In the case of Daiichi Sankyo, the answer was yes—particularly to be able to match the scale of companies in Japan, and multinationals
outside of Japan. Whether this is the perfect match or not is debatable, but the critical mass is absolutely essential for
Sankyo and Daiichi to be able to compete on a global scale.
Both Daiichi and Sankyo were kind of losing momentum—they were becoming smallish compared with some of the big companies coming
into Japan, like Pfizer. Together, their sales force ranks second in that country in terms of size.
But now, we face the prospect of doubling the size of our company and infrastructure to accommodate the launch of new products
in the next two years. Currently, we have 1,000 people in the United States, most of them in our sales force. But we need
more effort here. In a five-year period, we could be looking at 3,000 people.
That's still pretty small, and it's clear to us that there is an advantage to that in terms of culture, intimacy, and flexibility.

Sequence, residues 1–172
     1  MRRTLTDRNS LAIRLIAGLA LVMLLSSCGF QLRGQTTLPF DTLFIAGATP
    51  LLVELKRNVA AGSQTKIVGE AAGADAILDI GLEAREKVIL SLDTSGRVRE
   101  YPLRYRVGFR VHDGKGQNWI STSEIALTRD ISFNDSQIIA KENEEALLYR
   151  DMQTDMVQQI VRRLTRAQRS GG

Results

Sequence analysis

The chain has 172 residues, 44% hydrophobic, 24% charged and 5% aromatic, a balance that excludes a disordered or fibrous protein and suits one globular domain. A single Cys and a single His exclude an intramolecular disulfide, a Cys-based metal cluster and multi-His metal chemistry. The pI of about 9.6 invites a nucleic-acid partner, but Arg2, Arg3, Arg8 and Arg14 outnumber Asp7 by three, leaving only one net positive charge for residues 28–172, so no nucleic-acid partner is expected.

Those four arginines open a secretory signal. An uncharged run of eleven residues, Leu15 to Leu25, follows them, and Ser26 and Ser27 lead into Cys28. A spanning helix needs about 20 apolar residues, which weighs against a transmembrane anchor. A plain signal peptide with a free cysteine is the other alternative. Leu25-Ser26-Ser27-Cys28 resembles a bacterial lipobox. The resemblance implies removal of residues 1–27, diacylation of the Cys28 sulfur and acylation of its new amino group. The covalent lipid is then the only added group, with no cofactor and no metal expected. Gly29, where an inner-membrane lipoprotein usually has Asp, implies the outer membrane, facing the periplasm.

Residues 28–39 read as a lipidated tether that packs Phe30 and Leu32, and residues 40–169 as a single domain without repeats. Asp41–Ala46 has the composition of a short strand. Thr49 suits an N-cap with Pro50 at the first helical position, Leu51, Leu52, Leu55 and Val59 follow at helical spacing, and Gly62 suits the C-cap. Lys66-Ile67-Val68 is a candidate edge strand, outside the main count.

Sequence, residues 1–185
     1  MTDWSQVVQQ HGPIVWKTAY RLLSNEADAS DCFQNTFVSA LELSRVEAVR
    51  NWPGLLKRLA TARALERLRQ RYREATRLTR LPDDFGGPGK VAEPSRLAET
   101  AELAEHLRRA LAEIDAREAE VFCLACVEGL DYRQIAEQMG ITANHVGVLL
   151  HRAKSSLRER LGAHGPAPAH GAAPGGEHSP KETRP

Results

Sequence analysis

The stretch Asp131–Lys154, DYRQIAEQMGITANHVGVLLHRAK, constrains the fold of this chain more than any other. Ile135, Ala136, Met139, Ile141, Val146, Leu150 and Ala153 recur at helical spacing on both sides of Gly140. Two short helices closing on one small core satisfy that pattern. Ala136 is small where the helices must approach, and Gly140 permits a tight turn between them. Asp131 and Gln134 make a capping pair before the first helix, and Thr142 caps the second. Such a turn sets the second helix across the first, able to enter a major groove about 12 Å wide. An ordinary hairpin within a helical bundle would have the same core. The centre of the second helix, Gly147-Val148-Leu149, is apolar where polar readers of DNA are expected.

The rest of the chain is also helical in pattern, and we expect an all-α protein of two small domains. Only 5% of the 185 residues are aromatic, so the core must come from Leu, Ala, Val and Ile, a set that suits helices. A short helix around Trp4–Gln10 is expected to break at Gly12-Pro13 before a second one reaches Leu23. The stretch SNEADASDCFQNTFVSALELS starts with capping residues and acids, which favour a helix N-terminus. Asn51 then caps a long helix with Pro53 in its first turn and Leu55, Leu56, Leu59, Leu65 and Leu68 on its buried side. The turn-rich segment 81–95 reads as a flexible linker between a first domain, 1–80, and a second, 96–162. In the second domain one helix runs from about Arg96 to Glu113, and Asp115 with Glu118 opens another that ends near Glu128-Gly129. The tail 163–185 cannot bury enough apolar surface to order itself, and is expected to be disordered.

As we become larger, we cannot lose that focus. We have many people who come from Big Pharma and they like the small company
atmosphere. The challenge is to be able to maintain that attractive culture, but yet be able to compete with the bigger companies,
and to be able to grow and triple our size.
On Leading Change
The key to leadership is to be able to construct a vision of what the company could be realistically—and to articulate that
vision to the whole organization, and then live through that strategic planning vision. If you don't know or can't articulate
where you're going to be in five years, it's impossible to lead.
We did that from day one. We put together a five-year strategic plan, and we continue to live and evolve that plan. We will
now spend this year reaching a steady state as an integrated company and creating a platform to launch three products in the
The biggest challenge for a leader during a merger is to not be distracted from the everyday job of running the business.
It definitely changes your life for a full year. There's a huge challenge in that large chunks of time must be devoted to
the integration. We worked with an outside consulting firm, Deloitte, to carefully design the process to take some of the
workload off of the managers. But you still find yourself in double gear, trying to run the business and conducting a fair
process for the integration. There's no magic to it. It is a lot of work. Fortunately, we had a very good year in the United
States last year, so we were able to exceed our targets for sales and profit, and at the same time, every single manager throughout
the company was involved in the integration.